The case against artificial ingredients is well worn in terms of the possible damage to health. The health benefits of foods that are as natural as possible with limited human interference I.e. processing seems compelling.
For a couple of decades and perhaps for a couple more going forwards organic foods have given people something to believe in. Organic represents good, wholesome and natural and the opposite - foods that have chemicals added to aid their growth and which have been through a range of processes in order to give them longer-shelf lives represent what is bad. Whatever limitations organic foods may have are, for some people, more than compensated by their health and environmental benefits.
Consuming organic is virtuous and whatever sacrifices need to be made in order to do this are similar to those theists are willing to make for their beliefs. Of course the believer in organic may claim scientific evidence to back their behaviour.
The question is whether the 'organic faith' is likely to be a permanent state of affairs. I think not. Because natural food production processes are not scalable for an ever increasing global population.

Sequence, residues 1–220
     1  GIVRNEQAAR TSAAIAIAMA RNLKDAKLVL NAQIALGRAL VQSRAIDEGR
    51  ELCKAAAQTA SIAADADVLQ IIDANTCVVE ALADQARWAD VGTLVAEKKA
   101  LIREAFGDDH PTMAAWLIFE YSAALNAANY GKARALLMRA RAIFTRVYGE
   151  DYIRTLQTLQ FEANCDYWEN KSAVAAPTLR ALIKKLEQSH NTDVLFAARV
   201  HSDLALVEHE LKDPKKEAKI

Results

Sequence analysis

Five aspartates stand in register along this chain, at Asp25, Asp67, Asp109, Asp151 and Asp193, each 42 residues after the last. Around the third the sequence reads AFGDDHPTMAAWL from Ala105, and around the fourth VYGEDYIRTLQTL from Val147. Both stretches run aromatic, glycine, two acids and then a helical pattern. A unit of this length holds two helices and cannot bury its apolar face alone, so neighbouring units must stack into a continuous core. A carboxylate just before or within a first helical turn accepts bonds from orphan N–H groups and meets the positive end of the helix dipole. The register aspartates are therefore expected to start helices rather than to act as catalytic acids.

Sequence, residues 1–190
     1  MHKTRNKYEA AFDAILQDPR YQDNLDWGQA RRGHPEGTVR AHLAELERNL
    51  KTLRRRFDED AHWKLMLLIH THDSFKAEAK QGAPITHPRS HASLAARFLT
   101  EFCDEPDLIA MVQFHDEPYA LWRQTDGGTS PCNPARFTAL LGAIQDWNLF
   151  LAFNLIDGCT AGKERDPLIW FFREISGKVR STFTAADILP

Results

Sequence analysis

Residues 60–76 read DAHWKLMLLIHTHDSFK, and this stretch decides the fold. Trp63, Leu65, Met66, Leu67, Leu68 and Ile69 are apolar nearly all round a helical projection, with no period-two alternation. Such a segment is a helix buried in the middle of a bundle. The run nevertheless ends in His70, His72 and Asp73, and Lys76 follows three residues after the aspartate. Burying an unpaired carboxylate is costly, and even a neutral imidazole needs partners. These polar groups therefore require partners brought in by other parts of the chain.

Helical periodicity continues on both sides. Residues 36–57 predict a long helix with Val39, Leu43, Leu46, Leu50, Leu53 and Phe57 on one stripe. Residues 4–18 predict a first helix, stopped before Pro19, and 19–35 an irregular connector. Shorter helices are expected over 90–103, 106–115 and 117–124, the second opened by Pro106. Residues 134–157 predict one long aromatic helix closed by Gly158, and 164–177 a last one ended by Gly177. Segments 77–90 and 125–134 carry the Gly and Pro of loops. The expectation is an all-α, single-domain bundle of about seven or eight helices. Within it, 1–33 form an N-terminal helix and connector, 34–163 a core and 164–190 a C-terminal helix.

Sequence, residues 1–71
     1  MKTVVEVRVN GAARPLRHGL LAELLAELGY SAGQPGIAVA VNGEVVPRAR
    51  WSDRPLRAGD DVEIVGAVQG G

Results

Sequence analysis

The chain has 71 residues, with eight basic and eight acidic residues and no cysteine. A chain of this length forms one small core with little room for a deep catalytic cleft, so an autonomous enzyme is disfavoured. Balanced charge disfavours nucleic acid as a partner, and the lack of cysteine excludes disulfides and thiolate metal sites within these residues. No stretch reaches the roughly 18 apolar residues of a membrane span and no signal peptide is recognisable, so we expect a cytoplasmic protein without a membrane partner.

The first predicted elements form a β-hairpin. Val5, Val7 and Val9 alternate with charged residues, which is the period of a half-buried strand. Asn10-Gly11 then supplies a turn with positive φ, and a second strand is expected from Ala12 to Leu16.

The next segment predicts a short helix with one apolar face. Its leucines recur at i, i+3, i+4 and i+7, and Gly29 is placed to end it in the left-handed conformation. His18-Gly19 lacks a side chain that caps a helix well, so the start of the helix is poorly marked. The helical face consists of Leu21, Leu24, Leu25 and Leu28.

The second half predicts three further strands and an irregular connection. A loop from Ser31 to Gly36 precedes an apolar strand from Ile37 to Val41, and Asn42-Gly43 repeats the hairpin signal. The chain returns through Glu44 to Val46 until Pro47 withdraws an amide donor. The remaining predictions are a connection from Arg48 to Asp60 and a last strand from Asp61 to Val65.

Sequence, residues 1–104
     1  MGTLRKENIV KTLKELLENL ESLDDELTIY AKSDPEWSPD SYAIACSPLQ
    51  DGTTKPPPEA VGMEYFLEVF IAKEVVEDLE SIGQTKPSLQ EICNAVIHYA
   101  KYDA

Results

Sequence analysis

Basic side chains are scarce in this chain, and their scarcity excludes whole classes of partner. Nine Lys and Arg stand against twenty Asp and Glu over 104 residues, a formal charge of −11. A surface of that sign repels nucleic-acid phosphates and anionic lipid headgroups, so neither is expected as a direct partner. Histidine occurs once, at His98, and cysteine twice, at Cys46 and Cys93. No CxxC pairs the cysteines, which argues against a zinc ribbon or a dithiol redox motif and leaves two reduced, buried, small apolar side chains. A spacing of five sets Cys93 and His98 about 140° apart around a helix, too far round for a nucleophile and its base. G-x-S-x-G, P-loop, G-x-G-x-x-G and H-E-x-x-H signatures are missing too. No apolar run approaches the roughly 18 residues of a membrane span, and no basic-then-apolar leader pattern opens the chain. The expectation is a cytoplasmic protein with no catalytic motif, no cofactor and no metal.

In contrast, the ability of humans to interfere productively in food production has been established over millennia and we've been getting better at it. Our interventions raise all sorts of scientific, environmental, moral and economic issues and as a result I don't think God would lead us to a developmental dead-end. So I think the current preference for organic and natural food that is devoid of processing is likely to be a short-term fad, albeit a well-meaning one.
We now have better knowledge of how not to process and the costs and risks of different processing methods, and overtime I think we will become better at processing and as the following story highlights the need to develop artificial ie. man-made processes for making foods is likely to increase and so is our ability to do so. Along the way we may well find ways of processing that do still cause health and other disbenefits, but it'll be up to us to find novel solutions. Relying on historical processes won't be an answer.
A Finnish company that makes food from electricity, water and air has said it plans to have 50m meals’ worth of its product sold in supermarkets within two years.
It is produced through a process similar to brewing beer. Living microbes are put in liquid and fed with carbon dioxide and hydrogen bubbles, which have been released from water through the application of electricity. The microbes create protein, which is then dried to make the powder.